Keyboard State and Key States

Last updated on September 21st, 2019

In the next chapter we will see how so called events are processed to handle input of any kind (keyboard, mouse, joystick,…) Before that I’d like to introduce a simple, yet powerful way to handle keyboard input.

The keyboard state represents the state (pressed = 1 or unpressed = 0) of all the keyboard keys, hence the key states. By

we have easy access to this array.

Keyboard state demo.
The red rectangle can be moved by the WASD keys by reading out their key states.

The following code example will draw a red rectangle which can be moved by the WASD keys. Therefore we read out their key states on every cycle of the program loop.

To get the keyboard state, we define a unsigned 8 bit pointer variable sdlKeyboardState in the var clause. It points to the array of key states.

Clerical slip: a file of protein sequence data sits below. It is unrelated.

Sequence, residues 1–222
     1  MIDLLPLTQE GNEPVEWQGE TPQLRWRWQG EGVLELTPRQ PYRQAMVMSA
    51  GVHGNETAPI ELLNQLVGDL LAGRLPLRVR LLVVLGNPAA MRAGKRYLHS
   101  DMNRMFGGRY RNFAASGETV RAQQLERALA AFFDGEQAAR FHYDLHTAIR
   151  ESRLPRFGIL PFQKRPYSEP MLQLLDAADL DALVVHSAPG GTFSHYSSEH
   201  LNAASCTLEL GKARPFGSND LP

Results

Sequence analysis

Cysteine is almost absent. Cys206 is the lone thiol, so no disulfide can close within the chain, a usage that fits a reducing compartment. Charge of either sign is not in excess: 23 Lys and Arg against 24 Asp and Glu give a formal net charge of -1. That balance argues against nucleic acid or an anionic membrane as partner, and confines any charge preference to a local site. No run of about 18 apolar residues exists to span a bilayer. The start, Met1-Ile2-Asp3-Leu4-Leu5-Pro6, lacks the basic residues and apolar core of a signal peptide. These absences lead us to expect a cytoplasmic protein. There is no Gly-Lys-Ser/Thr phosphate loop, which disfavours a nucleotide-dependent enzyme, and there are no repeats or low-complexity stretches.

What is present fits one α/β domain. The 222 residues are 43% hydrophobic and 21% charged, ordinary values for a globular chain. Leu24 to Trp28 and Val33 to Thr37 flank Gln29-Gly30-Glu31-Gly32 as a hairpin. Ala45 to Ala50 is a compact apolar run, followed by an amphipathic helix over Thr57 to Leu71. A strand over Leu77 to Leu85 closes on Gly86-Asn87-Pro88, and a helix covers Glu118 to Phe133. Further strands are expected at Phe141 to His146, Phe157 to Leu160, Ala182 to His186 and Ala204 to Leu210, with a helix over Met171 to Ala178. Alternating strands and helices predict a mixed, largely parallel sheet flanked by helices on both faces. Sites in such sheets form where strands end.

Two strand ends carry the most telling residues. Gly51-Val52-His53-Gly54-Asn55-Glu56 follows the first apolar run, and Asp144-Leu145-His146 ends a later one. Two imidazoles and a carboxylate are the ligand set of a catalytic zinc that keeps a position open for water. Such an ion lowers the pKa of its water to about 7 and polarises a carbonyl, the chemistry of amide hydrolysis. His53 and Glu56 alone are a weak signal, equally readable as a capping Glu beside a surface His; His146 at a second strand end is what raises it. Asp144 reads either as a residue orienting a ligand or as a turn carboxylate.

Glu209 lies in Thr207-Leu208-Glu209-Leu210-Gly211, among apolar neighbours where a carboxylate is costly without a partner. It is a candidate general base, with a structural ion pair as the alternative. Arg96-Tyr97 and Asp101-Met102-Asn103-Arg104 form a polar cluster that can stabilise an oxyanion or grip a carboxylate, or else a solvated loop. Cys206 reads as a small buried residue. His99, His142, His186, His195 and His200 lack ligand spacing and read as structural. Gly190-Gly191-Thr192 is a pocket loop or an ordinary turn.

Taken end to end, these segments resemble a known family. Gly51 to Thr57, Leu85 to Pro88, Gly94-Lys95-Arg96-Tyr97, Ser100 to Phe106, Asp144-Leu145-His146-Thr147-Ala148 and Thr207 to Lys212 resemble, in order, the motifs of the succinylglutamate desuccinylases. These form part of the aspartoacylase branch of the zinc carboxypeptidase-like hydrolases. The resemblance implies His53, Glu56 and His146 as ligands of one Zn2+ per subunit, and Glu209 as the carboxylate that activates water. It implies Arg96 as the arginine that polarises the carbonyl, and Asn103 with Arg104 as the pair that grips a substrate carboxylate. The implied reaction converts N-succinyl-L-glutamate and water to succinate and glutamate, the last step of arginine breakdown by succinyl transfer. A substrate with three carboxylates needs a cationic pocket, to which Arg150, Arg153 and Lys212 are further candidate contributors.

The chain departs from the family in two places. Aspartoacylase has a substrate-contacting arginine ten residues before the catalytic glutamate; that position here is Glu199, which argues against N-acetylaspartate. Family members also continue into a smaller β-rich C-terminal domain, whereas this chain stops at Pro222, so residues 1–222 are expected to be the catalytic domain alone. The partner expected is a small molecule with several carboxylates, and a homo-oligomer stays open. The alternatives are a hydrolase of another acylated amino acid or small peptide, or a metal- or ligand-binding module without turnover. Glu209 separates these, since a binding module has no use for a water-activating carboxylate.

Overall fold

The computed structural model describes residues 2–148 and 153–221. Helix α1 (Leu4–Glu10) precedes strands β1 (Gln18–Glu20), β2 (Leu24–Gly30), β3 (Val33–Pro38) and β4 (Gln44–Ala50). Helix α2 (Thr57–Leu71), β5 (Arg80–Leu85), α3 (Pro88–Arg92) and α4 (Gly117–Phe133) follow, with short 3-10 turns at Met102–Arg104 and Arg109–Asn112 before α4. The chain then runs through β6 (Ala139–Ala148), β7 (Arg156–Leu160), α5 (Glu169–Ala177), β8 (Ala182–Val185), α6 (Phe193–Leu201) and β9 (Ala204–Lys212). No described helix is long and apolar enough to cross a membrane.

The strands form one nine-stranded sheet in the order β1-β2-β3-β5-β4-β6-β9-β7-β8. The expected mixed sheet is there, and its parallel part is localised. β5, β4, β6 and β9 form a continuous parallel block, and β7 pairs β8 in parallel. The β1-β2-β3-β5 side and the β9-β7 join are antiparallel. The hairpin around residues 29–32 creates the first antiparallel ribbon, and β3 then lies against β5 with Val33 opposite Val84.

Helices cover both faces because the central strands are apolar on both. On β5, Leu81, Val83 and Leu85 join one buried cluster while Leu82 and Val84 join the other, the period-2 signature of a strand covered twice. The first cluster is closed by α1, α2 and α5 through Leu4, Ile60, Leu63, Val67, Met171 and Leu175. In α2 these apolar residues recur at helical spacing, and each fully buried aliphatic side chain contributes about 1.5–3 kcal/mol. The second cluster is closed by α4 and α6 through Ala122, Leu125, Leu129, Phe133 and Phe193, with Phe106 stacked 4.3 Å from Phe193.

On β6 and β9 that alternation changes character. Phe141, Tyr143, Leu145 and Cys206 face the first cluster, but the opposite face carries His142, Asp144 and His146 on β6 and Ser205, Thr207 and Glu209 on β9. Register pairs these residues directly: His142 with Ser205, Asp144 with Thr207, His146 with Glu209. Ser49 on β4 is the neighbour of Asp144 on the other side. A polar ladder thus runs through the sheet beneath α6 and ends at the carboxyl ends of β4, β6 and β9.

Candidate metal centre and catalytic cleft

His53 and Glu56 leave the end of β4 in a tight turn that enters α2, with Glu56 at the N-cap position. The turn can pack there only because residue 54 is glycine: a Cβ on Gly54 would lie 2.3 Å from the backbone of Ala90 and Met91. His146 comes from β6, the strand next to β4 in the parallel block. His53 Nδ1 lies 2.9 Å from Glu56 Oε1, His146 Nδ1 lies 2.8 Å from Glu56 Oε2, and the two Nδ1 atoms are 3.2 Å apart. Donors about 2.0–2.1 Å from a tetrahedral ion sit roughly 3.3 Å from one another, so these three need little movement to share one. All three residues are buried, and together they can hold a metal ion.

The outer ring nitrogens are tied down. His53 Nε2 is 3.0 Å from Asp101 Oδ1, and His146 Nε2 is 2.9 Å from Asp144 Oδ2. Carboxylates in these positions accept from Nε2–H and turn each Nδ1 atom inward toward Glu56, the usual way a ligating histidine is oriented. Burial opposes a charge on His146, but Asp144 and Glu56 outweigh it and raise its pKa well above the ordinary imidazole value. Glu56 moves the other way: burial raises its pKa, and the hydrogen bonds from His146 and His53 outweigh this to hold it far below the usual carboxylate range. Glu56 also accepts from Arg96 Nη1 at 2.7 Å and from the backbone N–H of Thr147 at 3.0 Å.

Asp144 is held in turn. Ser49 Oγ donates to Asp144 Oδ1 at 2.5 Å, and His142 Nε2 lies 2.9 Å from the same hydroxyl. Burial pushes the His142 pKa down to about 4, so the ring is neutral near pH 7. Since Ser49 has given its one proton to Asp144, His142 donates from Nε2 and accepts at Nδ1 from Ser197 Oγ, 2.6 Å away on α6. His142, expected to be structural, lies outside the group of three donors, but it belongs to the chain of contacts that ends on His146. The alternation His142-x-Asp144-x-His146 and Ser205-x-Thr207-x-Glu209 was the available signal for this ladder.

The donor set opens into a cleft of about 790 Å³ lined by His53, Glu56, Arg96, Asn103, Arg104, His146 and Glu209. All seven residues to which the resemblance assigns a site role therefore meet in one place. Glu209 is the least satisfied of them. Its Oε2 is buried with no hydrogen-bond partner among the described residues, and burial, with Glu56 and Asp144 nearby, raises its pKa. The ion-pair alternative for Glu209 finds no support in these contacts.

After setting up a SDL2 window and and preparing a SDL2 rectangle, the program loop is entered. Here we need to update the event queue by procedure SDL_PumpEvents. After that we can grab the keyboard state by the former mentioned function SDL_GetKeyboardState. The argument should be nil. These actions have to performed on every cycle.

We now can check for the of any key in the array by sdlKeyboardState[SDL_SCANCODE_…] using its
scancode as a handle (e.g. SDL_SCANCODE_ESCAPE for the escape key) and react as desired, e.g. exit the program loop or change the x/y coordinates of the rectangle. The scancode represents the position of the related key state in the array. A detailed description of scancodes in the next chapter. A list of all the scancodes shows all possible scancodes.

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